Christian-based Universities Teach Yoga Philosophy

Loyola Marymount University (LMU) has recently started a certificate program in Yoga Philosophy in addition to their ongoing yoga studies courses.  The program includes the study of classical yoga, Hinduism, mantra chanting, Sanskrit, the Yoga Sutras of Patanjali, meditation, Hatha yoga, Tantra, Kashmir Shaivism, moksha, the Upanishads, the Bhagavad-Gita, and Samkhya Karika. LMU, located in Los Angeles, is the biggest Catholic University in the western United States and is rooted in the Jesuit and Marymount traditions.

Rajan  Zed, a well-known Hindu statesman and President of the Universal Society of Hinduism said that this was welcome news and that although Yoga was introduced and nourished by Hinduism, it was and is a world heritage to be used by all.  He refers to yoga as a “living fossil” dating back to around 2,000 BCE passed from one guru to the next and something that is meant to be shared with the world.

The course is set up to be taught by many contributing guest lecturers and experts in their respective fields with two primary instructors, Dr. John Casey and Dr. Christopher Key Chapple.

Founded in 1911, LMU, enrolls over 9,000 students. Its mission includes "the education of the whole person" and offers 40 masters and doctoral degrees and 113 programs. Its sponsoring religious orders are: Society of Jesus (Jesuits) and Religious of the Sacred Heart of Mary.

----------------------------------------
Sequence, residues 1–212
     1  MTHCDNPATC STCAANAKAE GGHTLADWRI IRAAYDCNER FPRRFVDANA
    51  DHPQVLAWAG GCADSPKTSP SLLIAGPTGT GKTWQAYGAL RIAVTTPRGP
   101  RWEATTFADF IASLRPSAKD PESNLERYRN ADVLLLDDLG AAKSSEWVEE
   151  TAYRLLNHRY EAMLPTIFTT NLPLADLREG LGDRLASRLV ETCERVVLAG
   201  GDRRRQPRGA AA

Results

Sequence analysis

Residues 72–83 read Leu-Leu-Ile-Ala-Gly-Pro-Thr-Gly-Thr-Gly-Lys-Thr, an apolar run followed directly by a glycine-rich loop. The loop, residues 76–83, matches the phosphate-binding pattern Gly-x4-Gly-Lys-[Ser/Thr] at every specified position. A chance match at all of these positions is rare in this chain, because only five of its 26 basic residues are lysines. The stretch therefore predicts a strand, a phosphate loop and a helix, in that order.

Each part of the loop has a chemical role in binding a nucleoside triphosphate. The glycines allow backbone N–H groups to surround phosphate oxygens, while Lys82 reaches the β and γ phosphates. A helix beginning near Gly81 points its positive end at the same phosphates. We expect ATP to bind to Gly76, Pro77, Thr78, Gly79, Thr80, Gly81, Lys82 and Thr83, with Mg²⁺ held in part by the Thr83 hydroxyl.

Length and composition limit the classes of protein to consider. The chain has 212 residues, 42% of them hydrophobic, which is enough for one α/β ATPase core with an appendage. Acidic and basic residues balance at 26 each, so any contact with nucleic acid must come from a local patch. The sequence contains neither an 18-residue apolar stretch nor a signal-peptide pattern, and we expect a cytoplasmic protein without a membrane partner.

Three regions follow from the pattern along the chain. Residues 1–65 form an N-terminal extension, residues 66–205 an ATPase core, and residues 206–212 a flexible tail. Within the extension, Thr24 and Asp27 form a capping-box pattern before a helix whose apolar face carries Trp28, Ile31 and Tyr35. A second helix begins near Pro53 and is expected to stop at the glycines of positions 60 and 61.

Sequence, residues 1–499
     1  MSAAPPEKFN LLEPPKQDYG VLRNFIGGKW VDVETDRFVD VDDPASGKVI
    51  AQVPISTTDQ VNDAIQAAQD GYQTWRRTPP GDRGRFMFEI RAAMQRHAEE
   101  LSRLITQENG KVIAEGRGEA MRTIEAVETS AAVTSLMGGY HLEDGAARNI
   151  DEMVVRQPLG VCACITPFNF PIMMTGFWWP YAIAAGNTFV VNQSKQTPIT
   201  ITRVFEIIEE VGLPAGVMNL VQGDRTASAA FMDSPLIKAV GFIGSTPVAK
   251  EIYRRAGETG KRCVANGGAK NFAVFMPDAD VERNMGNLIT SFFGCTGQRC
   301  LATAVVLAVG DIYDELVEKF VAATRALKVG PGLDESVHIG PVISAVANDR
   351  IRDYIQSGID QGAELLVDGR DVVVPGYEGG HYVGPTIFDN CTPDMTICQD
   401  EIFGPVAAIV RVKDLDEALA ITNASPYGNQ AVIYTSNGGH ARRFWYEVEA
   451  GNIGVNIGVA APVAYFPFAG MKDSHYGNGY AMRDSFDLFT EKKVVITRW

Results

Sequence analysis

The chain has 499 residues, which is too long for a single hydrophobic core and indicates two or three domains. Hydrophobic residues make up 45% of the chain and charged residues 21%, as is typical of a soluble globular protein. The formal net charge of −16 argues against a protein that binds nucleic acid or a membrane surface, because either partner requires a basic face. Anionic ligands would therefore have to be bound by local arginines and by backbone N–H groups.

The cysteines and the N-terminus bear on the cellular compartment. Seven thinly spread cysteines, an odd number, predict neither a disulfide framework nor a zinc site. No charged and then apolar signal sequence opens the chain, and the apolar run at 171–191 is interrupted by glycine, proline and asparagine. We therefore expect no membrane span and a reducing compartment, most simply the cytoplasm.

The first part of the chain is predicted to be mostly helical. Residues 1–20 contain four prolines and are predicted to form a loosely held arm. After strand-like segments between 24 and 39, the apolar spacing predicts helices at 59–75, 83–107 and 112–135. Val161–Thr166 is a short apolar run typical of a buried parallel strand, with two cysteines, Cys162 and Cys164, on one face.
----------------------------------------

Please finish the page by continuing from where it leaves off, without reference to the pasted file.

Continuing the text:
However, Loyola Marymount University isn’t the only Christian institution dedicated to higher education to recently begin offering this type of study. Texas Christian University (TCU) affiliated with the Disciples of Christ offers several courses on Hindu thought and religious perspectives as well as meditation and new Hatha yoga classes set to begin January 2011.

According to Zed, religion is a complex element of our lives and religion compromises much more than one’s own individual experience or specific tradition. He further called on major world universities, schools of philosophy and religion to strengthen their Hinduism sections,  specifically asking the Harvard, Cambridge, Yale, Princeton, Oxford, Stanford, Columbia, McGill, Australian National, Tokyo, Copenhagen, Heidelberg, Uppsala, and Utrecht universities to further enrich their Hinduism resources.

Founded in 1873, TCU in Fort Worth (Texas) with over 9,100 students, offers 21 doctoral, 56 master’s and 118 undergraduate programs.

While the debate about yoga seems to continue on between many Christian and Hindu groups, this news brings with it a nice change of pace. Rather than seeking opposition there seems to be an effort toward understanding one another and yoga as it is practiced by an estimated 16 million Americans.

What’s your take on yoga as a program of study in Christian-based universities?

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